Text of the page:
In the US, more than 300,000 people are diagnosed with Lyme disease each year. The Centers for Disease Control and Prevention report that the number of counties considered Lyme disease hotspots has risen from 69 in 1995 to 260 in 2012. At the same time, the range of the ticks that transmit the disease has doubled.
Expanding tick populations, climate change, and forest fragmentation are all expected to contribute to the continued spread of Lyme disease, which has emerged as one of our nation’s most complicated public health crises. In the Northeast, the blacklegged ticks that infect people with Lyme disease can also transmit babesiosis, anaplasmosis, and Borrelia miyamotoi. Co-infections are not uncommon.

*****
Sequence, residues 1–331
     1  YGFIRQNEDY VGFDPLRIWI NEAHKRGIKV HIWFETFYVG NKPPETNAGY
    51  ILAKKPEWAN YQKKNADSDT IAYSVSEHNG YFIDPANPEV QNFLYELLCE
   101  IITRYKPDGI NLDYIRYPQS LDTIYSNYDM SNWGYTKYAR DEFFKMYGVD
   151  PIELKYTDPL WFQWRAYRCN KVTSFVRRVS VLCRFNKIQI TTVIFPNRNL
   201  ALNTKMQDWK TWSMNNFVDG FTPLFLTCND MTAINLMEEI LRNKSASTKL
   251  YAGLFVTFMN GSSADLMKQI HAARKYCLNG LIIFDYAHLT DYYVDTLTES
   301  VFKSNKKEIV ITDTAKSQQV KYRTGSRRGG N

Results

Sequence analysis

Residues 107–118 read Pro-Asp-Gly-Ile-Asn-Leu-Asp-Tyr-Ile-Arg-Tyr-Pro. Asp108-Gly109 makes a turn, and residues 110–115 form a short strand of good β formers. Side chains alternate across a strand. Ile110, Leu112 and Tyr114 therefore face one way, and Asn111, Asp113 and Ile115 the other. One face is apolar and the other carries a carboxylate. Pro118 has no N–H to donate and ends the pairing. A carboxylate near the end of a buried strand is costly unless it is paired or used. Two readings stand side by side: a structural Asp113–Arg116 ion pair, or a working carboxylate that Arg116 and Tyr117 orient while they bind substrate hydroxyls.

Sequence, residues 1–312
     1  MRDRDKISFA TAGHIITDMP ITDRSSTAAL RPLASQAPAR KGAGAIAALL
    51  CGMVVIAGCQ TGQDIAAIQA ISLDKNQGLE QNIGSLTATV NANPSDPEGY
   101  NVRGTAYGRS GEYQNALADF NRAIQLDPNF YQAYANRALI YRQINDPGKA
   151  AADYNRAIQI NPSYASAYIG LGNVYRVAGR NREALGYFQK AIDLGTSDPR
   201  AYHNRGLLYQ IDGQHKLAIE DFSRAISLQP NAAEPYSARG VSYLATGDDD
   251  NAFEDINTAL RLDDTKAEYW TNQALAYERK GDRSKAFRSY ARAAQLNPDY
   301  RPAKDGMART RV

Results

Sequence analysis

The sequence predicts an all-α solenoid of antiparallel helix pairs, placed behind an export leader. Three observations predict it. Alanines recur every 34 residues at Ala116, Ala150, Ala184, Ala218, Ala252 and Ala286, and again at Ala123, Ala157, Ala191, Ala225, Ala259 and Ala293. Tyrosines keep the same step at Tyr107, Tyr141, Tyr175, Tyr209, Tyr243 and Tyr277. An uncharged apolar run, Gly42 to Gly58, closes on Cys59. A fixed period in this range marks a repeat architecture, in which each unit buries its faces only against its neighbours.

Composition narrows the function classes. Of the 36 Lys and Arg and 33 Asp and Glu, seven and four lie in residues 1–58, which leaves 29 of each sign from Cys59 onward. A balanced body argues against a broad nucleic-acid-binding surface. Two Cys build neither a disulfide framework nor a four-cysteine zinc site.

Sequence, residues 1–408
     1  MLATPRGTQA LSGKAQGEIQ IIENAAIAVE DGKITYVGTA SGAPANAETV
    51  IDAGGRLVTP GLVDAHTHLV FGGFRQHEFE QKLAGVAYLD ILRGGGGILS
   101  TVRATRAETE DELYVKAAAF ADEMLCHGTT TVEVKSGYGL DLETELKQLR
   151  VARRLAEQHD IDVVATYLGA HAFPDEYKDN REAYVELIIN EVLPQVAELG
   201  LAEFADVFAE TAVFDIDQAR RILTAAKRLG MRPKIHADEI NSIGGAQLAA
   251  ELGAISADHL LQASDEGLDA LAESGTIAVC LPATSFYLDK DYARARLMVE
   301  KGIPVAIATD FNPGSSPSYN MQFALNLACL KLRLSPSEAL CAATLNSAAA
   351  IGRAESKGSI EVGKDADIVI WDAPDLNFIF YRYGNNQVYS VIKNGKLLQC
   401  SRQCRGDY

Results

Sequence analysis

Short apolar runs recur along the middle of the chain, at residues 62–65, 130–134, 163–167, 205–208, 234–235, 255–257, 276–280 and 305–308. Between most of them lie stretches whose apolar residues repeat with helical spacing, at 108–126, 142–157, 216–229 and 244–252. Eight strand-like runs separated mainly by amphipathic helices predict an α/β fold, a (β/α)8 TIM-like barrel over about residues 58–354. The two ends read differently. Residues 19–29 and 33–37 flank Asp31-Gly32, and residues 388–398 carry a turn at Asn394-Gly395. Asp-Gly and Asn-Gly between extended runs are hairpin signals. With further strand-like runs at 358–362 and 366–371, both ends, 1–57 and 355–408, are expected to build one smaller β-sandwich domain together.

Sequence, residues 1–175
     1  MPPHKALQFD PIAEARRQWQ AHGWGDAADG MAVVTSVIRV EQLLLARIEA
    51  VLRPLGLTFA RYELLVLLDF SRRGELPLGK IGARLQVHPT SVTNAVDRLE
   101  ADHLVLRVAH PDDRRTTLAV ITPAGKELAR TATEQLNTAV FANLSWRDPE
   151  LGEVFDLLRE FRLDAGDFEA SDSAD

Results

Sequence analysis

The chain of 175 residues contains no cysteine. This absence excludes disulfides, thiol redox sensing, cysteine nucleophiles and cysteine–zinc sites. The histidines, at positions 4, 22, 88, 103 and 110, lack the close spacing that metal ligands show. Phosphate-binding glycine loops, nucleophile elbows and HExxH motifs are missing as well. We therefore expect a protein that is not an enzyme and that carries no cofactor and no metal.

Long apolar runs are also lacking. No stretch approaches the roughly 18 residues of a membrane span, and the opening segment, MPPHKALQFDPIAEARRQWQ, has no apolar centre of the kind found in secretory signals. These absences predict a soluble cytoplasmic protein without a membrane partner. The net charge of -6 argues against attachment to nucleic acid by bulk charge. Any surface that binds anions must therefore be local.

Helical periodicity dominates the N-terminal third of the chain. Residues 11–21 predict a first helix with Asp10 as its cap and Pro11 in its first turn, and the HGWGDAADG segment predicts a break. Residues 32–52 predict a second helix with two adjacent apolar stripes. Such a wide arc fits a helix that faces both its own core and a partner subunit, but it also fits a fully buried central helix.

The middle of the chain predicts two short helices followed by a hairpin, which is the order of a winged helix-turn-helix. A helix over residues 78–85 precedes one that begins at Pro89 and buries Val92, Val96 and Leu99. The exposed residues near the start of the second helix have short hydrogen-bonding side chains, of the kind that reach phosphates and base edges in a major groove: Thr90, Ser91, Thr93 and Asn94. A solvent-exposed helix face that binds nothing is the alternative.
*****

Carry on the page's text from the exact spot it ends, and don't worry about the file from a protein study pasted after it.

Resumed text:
Lyme disease can be difficult to diagnose and treat, and the impacts on victims and their families are often profound. Treatment is also expensive -- a recent Johns Hopkins study estimated that tick-borne illnesses cost the US healthcare system up to $1.3 billion annually.
While some aspects of Lyme disease treatment are controversial, everyone agrees about the importance of disease prevention. No human vaccine is available. Prevention hinges on reducing encounters with infected ticks, a strategy which relies on a deep understanding of the ecology of Lyme disease.